“The White Dove of the Desert” founded in 1692—built 1783. One of the best preserved and most exquisite old Spanish Missions in the Southwest. Established in 1692 by Father Kino—a pioneering Christian missionary and co-founder of the Society of Jesus (Jesuit Order)—it stands in the center of a Tohono O’odham (formerly Papago) settlement along the banks of the Santa Cruz River, 9 miles south of Tucson. The Mission is also known as the “place where the water appears,” as there were once natural springs in the area. Catholic services are held here regularly for the native Tohono O’odham people, who are the direct descendants of those for whom the mission was conceived. (post cards)
Note: I felt the following architectural history important with this publication. However, the majority of details are beyond my understanding as you will probably agree. On the other hand, my images may illustrate to some degree the complexity and lavishness of this magnificent structure. Extremely difficult photography inside the Mission.
Outside, San Xavier has a white, Moorish-inspired design, elegant and simple, with an ornately decorated entrance. Constructed of low-fire clay brick, stone, and lime mortar, the entire structure is roofed with masonry vaults, making it unique among Spanish Colonial buildings within United States borders. The architect, Ignacio Gaona, is credited with building another church in Caborca, Sonora Mexico.
Little is known about the people who decorated the interior. The artwork was probably commissioned by Fr. Velderrain’s successor and most likely created by artist from Queretero in New Spain (now Mexico). The sculpture was created in workshops and carried by donkey through the Pimeria Alta (southern Arizona today) to its destination, the Mission. Craftsmen created gessoes clothing once the sculpture was in place.
The church contains numerous references to the Franciscan cord both on the façade and throughout the church.
The shell, a symbol of pilgrimage after the patron saint of Spain, Santiago or James the Greater, is replicated all through the structure in window treatments, the sanctuary, the facade, and other details within the interior.
The Baroque architecture style features playful dramatic elements such as theatrical curtain display, faux doors, marbling, and over all sense of balance. The interior is richly decorated with ornaments showing a mixture of New Spain and Native American artistic motifs. The floor plan of the church resembles the classic Latin cross. The main aisle is separated from the sanctuary by the transept or cross aisle, with chapels at either end. The dome above the transept is 52 feet high supported by arches and squinches. At least three different artists painted the artwork inside the church. It is considered by many to be the finest example of Spanish mission architecture in the United States. (http://www.sanxaviermission.org/)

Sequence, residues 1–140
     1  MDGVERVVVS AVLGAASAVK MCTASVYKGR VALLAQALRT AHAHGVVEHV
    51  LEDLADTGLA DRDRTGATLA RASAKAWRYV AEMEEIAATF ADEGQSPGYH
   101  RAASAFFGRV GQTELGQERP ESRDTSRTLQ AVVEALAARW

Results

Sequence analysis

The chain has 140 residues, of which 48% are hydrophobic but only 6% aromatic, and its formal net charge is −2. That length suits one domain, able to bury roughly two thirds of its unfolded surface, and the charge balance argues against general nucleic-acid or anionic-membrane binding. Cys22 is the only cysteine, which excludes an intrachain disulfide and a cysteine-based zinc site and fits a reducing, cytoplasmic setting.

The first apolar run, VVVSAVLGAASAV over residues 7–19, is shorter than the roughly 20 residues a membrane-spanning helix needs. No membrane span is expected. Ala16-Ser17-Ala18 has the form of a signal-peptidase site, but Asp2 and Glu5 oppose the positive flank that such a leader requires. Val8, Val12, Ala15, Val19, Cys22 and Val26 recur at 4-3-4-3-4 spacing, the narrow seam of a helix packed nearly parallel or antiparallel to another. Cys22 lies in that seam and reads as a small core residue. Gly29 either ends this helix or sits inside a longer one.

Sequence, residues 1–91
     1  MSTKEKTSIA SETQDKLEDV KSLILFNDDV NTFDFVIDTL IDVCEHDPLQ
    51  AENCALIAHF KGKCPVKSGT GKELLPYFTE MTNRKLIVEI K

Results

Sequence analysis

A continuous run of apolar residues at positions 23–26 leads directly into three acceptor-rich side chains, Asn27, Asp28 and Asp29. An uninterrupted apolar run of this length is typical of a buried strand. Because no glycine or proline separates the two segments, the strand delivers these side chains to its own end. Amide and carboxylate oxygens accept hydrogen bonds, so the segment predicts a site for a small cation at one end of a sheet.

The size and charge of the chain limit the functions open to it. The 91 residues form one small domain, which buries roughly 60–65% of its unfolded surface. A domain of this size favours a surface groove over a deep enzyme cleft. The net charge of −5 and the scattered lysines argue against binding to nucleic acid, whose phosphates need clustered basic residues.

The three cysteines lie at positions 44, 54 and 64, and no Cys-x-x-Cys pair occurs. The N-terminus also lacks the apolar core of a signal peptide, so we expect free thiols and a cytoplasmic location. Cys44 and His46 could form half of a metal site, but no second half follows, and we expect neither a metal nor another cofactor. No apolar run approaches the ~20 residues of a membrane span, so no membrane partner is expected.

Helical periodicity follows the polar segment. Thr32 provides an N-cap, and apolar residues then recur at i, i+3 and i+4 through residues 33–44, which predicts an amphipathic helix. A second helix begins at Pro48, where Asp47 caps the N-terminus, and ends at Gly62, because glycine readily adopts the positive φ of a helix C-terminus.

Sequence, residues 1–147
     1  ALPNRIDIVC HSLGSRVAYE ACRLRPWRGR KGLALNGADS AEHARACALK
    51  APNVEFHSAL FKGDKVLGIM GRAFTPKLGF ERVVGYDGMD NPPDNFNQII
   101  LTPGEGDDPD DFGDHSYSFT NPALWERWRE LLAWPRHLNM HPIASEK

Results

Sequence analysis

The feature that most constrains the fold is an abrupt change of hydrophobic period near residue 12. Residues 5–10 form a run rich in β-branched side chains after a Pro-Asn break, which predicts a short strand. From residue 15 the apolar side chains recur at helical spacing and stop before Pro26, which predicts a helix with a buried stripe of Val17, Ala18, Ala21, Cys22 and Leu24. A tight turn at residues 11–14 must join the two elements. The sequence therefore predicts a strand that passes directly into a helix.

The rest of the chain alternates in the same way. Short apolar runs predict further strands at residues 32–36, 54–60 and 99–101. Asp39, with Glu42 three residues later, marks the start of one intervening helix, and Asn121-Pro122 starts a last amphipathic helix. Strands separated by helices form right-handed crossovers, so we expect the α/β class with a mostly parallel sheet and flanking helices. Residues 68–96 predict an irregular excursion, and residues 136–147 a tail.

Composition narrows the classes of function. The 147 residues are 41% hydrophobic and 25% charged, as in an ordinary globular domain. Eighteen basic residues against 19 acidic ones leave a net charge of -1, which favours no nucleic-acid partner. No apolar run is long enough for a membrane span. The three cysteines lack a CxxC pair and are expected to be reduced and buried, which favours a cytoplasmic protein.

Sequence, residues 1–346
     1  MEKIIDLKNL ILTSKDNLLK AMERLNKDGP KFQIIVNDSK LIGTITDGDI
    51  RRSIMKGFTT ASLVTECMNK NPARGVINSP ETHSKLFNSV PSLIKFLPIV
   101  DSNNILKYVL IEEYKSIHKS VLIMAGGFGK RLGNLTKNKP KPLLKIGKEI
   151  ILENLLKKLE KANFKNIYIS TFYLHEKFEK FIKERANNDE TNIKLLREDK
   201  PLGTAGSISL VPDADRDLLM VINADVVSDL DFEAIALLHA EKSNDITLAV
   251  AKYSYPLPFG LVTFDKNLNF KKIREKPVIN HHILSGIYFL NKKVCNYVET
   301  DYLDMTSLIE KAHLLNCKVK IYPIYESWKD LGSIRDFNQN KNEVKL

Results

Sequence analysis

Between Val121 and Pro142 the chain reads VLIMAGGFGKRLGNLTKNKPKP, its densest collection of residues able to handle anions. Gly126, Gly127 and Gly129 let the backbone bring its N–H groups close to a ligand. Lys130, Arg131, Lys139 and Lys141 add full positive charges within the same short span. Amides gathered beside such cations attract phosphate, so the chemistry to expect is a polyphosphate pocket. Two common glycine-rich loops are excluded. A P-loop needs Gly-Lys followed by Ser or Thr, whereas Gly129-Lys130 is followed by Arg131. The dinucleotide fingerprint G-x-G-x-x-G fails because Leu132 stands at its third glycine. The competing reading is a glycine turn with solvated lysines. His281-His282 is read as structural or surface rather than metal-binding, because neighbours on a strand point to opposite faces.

The area behind the high altar was originally a dazzling gilded color. However, it has been subdued by the passing of the years. Most of the paintings are original although some have lost their luster. The two lion-like images on either side of the communion rail represent the “Lions of Castile,” a tribute to the reigning family in Spain during the 1780’s and 1790’s. Because of the beautiful interior art, the Mission has been referred to as the Sistine Chapel of the United States. (post card)
Mission San Xavier del Bac—a National Historic Landmark. In the Tucson area, don’t miss this visit to the past.
Additional Mission San Xavier del Bac images can be seen at www.corinthrose.com under Travel. Tucson and Gates Pass, Arizona gallery can also be found under Travel.
Postscript: Back in January of this year I posted that my publications would be more focused on family history-genealogy. A Florida friend immediately emailed to encourage me not to forget about my photography and to occasionally post images from our travels.
Consequently, that’s what this blog post was all about. Thanks for dropping by.